RICHMOND, Va. — Boston Marathon bombing suspect Tamerlan Tsarnaev has been buried in a Muslim cemetery in Virginia after authorities spent a week searching for a final resting place for the ethnic Chechen’s remains.
The body of Tsarnaev, who was killed in an April 19 shootout with police, was moved earlier this week from the Graham Putnam & Mahoney funeral home in Worcester, Mass., police there said on Thursday.
The funeral home had faced unrelenting protests over the past week as it struggled to find a cemetery willing to accept the body.
The controversy, however, appeared not have ended on Friday. Officials from Caroline County, Virginia, where the cemetery is located, said they were reviewing the burial to make sure it was legal.
“We don’t want the county to be known as the place where the remains of someone who committed this crime are buried. But if it was done legally, there is nothing much we can do about it,” said Floyd Thomas, chairman of the Caroline County board of supervisors.
Tsarnaev, 26, and his brother Dzhokhar Tsarnaev, 19, were suspected by the Federal Bureau of Investigation of setting off bombs at the finish line of the Boston Marathon on April 15, killing three people and injuring 264. Dzhokhar is in a prison west of Boston after being charged with crimes that could carry the death penalty if he is convicted.
On Friday, the city of Boston released an updated death certificate for Tsarnaev showing that he was buried in Al-Barzakh Muslim Cemetery in Doswell, Va., outside Richmond.
Ammar Amonette, imam of the Virginia Islamic center, said he disapproved of the decision.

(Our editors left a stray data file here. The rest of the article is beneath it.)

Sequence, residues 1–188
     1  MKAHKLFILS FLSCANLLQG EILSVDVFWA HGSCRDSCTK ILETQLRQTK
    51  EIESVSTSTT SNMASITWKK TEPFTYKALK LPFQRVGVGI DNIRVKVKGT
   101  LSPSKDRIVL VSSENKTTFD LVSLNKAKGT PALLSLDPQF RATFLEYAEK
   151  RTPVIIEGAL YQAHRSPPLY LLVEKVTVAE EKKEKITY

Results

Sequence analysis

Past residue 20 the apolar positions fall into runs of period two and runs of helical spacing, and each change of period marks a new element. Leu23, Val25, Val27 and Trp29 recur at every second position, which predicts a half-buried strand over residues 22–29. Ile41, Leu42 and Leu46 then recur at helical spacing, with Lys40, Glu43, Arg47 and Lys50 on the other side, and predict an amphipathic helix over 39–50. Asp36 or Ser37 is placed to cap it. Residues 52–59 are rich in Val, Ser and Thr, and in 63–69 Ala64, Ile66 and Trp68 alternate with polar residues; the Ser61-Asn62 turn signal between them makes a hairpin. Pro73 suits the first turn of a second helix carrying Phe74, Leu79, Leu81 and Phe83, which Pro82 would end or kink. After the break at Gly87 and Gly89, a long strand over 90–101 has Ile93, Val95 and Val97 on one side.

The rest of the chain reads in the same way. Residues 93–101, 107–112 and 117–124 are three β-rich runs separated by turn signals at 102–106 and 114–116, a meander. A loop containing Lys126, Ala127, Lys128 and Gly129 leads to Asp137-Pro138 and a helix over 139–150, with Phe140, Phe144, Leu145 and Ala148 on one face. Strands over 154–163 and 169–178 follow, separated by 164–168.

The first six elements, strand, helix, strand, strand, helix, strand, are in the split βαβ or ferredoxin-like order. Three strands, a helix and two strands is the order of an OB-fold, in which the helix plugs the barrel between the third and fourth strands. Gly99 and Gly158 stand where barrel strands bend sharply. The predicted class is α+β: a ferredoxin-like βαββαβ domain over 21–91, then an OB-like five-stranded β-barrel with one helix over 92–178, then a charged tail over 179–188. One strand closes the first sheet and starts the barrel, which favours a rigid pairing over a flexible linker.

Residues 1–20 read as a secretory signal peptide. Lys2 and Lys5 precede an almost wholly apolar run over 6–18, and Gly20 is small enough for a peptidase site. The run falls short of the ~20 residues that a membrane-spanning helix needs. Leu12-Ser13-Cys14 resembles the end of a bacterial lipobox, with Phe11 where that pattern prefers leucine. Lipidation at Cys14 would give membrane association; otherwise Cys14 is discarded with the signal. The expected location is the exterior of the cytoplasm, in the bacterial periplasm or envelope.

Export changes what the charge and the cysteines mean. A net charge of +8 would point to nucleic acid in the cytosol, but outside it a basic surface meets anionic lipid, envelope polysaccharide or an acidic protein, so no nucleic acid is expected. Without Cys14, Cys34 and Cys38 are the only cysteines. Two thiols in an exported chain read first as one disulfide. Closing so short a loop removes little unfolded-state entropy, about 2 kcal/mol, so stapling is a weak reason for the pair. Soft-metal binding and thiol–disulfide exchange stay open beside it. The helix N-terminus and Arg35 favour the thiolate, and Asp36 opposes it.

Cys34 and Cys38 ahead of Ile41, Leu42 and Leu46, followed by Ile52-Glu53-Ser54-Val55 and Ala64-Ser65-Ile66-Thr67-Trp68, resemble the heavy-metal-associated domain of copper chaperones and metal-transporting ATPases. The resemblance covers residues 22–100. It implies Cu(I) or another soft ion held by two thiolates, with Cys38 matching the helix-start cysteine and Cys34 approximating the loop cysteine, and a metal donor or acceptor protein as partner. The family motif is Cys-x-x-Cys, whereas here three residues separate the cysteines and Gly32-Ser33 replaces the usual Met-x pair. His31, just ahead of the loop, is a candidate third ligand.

“It was done by individuals without our knowledge or consent,” Amonette said. “We are quite upset. It’s affected thousands of Muslims and we were not consulted. It has nothing to do with us.”
Thomas said if any laws had been broken “we would try to undo what has been done.”
Representatives of another Islamic center in the area, the Islamic Society of Greater Richmond, could not immediately be reached.
Tamerlan Tsarnaev, an ethnic Chechen who lived in Cambridge, Mass., for much of the past decade, had been on a U.S. government database of potential terrorism suspects. The United States had twice been warned by Russia that he might be an Islamic militant, according to U.S. security officials.
His body was moved from the Boston medical examiner’s office to the Worcester funeral home, but his family did not claim the body and the cities of Boston and Cambridge refused to accept his remains.
Worcester police said on Thursday a person had approached them with a solution for the body after a public plea for help. Police withheld the identify of that person.